Thorium – the wonder fuel that wasn’t

By Robert Alvarezfor Bulletin of the Atomic Scientists

A senior scholar at the Institute for Policy Studies, Robert Alvarez examines the history of thorium as an energy source in an editorial for the Bulletin of the Atomic Scientists

“Thorium-Fueled Automobile Engine Needs Refueling Once a Century,” reads the headline of an October 2013 story in an online trade publication. This fantastic promise is just one part of a modern boomlet in enthusiasm about the energy potential of thorium, a radioactive element that is far more abundant than uranium. Thorium promoters consistently extol its supposed advantages over uranium. News outlets periodically foresee the possibility of "a cheaper, more efficient, and safer form of nuclear power that produces less nuclear waste than today's uranium-based technology."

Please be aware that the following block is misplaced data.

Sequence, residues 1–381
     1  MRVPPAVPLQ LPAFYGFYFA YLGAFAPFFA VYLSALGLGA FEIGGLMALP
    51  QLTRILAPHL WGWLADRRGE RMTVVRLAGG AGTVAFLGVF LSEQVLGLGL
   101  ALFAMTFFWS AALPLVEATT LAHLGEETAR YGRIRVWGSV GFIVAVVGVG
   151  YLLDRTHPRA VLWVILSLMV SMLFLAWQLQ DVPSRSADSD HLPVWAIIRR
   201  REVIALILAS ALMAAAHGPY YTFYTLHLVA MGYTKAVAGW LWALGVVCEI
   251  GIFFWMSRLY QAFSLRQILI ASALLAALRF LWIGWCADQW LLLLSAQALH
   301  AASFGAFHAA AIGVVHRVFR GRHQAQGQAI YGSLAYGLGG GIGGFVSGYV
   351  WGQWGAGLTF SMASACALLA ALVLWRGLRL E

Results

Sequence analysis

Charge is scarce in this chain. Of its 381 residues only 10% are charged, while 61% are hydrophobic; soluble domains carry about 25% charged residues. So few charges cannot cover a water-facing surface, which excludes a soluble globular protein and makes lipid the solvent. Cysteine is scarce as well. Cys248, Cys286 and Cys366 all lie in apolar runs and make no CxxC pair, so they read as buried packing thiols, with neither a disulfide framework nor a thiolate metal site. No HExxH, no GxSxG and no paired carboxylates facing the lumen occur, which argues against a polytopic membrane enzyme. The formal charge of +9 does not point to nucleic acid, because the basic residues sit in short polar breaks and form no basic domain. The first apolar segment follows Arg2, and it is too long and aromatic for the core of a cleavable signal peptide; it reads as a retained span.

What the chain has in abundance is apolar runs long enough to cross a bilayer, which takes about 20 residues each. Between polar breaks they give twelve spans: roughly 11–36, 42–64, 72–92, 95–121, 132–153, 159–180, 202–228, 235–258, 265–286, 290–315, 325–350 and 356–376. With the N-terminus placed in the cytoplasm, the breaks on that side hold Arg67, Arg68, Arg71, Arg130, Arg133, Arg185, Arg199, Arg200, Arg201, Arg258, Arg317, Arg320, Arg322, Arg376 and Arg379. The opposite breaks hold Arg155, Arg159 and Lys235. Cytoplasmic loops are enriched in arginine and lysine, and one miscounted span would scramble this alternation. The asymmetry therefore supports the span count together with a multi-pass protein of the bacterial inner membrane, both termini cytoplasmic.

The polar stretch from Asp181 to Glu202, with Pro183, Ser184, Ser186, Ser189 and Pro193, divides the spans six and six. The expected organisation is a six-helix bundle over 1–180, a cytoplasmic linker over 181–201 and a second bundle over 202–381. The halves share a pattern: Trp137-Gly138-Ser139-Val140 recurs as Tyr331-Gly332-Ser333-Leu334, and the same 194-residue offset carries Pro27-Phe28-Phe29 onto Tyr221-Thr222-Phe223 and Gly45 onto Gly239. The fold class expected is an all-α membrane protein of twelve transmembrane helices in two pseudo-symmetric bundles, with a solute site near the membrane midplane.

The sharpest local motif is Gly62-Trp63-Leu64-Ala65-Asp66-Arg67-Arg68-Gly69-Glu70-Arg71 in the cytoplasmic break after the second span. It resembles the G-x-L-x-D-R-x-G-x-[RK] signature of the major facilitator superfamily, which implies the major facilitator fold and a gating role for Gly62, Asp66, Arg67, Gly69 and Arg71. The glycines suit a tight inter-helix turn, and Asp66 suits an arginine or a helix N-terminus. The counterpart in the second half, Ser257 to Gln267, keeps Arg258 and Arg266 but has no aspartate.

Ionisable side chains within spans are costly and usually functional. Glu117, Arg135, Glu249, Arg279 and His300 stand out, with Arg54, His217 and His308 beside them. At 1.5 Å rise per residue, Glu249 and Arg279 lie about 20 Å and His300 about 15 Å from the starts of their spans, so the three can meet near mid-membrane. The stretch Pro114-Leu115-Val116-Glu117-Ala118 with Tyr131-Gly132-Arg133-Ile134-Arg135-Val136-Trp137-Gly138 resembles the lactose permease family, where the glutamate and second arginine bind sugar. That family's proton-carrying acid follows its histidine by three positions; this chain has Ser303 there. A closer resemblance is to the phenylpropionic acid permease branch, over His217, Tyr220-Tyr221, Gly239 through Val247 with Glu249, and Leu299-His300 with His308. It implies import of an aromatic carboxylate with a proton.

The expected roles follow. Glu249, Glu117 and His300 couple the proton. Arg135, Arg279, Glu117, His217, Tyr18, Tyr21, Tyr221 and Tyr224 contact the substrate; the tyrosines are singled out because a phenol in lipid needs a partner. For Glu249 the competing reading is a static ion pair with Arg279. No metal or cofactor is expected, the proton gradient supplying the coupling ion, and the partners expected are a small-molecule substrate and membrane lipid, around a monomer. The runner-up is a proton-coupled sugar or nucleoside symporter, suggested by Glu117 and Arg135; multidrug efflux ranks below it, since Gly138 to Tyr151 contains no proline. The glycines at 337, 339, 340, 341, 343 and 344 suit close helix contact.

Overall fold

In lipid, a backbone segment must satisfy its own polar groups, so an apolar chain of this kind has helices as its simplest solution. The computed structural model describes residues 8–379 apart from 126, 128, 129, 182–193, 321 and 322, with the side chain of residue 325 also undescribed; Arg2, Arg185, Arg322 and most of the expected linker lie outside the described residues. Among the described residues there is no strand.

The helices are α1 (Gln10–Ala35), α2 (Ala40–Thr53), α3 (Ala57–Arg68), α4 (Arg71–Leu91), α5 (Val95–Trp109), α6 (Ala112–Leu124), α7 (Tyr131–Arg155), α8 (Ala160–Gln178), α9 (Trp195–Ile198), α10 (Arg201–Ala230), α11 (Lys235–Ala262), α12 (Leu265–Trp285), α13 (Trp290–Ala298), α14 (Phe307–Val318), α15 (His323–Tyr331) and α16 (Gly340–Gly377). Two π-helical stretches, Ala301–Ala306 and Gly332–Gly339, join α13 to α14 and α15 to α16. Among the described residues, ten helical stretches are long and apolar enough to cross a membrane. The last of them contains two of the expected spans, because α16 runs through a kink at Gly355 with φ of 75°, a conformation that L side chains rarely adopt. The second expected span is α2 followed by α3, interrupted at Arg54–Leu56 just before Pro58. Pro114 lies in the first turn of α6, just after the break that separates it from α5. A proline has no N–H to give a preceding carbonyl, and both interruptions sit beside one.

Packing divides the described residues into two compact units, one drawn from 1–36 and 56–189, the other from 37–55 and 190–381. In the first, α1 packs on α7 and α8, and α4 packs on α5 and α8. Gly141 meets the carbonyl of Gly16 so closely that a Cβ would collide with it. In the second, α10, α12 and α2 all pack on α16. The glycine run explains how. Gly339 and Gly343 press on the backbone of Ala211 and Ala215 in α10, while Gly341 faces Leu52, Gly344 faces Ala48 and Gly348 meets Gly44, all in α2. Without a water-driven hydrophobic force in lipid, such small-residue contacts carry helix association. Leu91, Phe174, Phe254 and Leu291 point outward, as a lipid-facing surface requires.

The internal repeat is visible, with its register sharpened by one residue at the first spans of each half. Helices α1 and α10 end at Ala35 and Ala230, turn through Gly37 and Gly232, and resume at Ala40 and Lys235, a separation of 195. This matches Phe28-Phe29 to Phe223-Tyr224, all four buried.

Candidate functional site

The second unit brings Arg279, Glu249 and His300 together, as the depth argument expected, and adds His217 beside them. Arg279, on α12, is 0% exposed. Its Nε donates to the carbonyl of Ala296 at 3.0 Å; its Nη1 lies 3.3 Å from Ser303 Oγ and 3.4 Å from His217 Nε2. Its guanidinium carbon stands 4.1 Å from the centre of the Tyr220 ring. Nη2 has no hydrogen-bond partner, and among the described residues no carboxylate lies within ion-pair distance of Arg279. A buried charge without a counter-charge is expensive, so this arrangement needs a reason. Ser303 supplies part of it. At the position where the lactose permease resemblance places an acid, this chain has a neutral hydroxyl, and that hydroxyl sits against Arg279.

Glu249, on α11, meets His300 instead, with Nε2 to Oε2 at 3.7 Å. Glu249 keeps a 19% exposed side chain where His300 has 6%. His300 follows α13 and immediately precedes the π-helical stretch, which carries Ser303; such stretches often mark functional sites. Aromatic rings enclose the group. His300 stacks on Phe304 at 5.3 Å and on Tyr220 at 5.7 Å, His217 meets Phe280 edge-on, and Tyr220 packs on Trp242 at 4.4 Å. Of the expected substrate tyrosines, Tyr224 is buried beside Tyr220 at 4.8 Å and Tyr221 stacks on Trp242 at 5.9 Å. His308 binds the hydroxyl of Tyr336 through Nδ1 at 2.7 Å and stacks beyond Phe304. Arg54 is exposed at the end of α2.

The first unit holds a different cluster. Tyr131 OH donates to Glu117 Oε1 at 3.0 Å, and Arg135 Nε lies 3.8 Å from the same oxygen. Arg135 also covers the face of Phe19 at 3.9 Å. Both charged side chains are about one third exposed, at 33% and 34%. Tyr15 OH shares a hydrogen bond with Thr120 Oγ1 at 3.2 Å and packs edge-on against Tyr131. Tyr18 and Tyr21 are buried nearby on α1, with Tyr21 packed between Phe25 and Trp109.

Actually, though, the United States has tried to develop thorium as an energy source for some 50 years and is still struggling to deal with the legacy of those attempts. In addition to the billions of dollars it spent, mostly fruitlessly, to develop thorium fuels, the US government will have to spend billions more, at numerous federal nuclear sites, to deal with the wastes produced by those efforts. And America’s energy-from-thorium quest now faces an ignominious conclusion: The US Energy Department appears to have lost track of 96 kilograms of uranium 233, a fissile material made from thorium that can be fashioned into a bomb, and is battling the state of Nevada over the proposed dumping of nearly a ton of left-over fissile materials in a government landfill, in apparent violation of international standards.

Early thorium optimism. The energy potential of the element thorium was discovered in 1940 at the University of California at Berkeley, during the very early days of the US nuclear weapons program. Although thorium atoms do not split, researchers found that they will absorb neutrons when irradiated. After that a small fraction of the thorium then transmutes into a fissionable material—uranium 233—that does undergo fission and can therefore be used in a reactor or bomb.

Continue reading at Bulletin of the Atomic Scientists: Thorium: the wonder fuel that wasn’t

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